What is phishing?
Phishing (pronounced “fishing”) is a means by which identity thieves gather your information, including financial or account information such as user name and password, Social Security number, birth date, ATM PIN, or credit card information for use in committing fraud or other crimes.
Most phishing occurs through the use of fraudulent e-mail, although it can also occur over the phone, via SMS text message (“SMiShing”) or via postal mail. These fraudulent phishing e-mails often aim to create a sense of urgency for the consumer, asking them to take immediate action. For example, they may ask consumers to “immediately update their account information or face account cancellation” or “immediately pay a past-due balance on their account by following a Web link.” These fraudulent e-mails may appear to be from legitimate companies, including those you may regularly do business with. They will often include logos of the company or institution which appear to be authentic, and may include Web links and graphics which lead you to believe that they are legitimate requests for personal information.
What you can do to protect yourself?
T-Mobile will never ask you to “confirm” or “verify” your sensitive personal information in an unsolicited e-mail.
If you receive a suspicious e-mail supposedly sent from T-Mobile:
- Do not reply to the suspicious e-mail and do not open any attachments. Instead, contact T-Mobile directly and make sure that the e-mail is legitimate.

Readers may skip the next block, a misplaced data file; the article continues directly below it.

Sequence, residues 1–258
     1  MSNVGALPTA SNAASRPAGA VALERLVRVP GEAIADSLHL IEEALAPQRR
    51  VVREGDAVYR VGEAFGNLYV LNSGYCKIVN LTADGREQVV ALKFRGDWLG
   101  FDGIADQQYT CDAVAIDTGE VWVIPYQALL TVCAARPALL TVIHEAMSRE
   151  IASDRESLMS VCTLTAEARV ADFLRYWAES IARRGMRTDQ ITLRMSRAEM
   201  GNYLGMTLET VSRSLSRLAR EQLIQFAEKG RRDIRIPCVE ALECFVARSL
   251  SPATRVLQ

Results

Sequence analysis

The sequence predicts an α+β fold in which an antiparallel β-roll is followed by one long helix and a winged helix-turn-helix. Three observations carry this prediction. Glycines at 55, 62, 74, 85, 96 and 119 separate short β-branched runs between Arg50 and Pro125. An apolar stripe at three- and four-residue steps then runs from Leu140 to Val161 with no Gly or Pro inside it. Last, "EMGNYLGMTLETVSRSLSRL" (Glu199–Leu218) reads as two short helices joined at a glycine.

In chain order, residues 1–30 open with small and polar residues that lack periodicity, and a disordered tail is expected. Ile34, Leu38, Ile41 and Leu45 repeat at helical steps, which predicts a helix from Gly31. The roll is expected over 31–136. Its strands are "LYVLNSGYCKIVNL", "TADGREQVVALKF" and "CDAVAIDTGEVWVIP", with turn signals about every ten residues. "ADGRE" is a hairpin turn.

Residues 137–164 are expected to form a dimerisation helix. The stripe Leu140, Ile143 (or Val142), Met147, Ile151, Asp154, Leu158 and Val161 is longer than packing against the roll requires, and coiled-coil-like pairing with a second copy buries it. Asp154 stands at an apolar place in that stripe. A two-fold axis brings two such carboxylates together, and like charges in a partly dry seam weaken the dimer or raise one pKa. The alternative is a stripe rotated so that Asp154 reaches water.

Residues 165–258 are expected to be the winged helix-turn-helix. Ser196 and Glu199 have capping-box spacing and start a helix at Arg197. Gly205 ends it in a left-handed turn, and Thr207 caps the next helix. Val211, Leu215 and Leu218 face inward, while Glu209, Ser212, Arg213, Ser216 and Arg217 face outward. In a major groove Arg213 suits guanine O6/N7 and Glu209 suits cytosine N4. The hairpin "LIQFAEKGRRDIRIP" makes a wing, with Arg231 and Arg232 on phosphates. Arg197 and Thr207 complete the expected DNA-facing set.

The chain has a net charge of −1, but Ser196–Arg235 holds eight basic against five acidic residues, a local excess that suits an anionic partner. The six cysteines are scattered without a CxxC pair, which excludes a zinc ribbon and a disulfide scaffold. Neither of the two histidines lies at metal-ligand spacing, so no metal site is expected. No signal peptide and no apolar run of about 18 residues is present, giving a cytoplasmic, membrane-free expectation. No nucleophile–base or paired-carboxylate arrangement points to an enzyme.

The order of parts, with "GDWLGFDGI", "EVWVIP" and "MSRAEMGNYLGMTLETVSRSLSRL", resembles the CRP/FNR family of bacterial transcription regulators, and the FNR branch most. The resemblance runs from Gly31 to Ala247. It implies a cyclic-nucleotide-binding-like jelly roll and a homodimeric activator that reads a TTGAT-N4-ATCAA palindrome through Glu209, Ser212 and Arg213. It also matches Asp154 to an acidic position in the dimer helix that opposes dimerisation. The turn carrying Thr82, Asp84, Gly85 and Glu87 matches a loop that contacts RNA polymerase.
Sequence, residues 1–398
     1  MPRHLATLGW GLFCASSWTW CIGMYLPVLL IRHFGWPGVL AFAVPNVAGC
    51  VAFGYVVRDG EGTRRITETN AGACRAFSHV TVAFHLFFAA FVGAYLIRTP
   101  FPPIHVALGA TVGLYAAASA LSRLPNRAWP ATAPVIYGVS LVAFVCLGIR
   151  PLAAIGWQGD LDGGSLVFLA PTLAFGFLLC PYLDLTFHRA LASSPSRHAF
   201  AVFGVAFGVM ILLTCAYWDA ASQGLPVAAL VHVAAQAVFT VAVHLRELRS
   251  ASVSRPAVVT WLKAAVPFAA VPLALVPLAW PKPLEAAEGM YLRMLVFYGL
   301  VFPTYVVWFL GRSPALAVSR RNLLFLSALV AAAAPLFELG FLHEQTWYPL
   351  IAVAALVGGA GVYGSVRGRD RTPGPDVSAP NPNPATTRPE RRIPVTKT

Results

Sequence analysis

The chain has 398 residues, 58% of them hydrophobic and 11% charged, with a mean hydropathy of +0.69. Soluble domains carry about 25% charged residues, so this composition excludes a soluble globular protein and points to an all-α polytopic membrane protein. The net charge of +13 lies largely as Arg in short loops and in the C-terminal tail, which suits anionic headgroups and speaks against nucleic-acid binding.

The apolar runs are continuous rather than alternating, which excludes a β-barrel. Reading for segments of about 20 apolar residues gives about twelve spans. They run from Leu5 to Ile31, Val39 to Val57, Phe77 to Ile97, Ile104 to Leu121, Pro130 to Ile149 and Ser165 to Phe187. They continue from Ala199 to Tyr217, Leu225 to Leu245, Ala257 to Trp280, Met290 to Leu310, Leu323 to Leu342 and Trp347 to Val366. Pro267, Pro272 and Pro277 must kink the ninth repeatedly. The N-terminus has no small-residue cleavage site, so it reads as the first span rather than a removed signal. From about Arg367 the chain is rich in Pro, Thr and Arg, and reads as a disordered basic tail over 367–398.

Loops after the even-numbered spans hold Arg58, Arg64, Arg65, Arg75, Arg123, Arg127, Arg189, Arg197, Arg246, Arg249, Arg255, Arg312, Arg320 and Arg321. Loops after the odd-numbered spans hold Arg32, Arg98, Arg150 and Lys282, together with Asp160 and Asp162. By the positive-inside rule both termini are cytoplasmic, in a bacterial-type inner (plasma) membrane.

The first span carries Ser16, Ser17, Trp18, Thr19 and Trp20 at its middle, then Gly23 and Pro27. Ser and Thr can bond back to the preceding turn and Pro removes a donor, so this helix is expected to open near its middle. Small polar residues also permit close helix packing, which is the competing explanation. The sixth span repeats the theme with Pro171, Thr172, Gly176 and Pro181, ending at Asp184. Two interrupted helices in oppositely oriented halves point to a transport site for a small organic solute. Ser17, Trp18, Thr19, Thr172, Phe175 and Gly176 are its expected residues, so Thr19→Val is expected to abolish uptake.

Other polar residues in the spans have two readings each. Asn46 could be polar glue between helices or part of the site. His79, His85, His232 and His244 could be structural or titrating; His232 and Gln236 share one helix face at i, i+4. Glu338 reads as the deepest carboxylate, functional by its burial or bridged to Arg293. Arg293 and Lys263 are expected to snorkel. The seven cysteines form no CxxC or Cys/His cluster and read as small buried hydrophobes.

- Do not click on any Web links included in the e-mail even if it looks genuine, and do not provide any personal information which the e-mail may request.
- Contact T-Mobile’s Privacy Team at privacy@T-Mobile.com and forward a copy of the e-mail so that we may investigate it. If our company name or brand is used in efforts to fraudulently obtain personal information, we will work aggressively to halt those activities.
Like T-Mobile, most reputable companies will not send you e-mails or otherwise contact you requesting sensitive personal information. Be aware of the policies and practices of the other companies you deal with and always be suspicious of unsolicited requests for such information. As phishing attempts will likely continue to evolve, it is important to always think twice before you provide any personal information in response to e-mails.
If you believe that you have been a victim of a fraudulent e-mail phishing scam, you should file a complaint at http://www.ftc.gov, and then visit the FTC Identity Theft Web site at http://www.ftc.gov/idtheft to learn how to minimize your risk of damage from identity theft.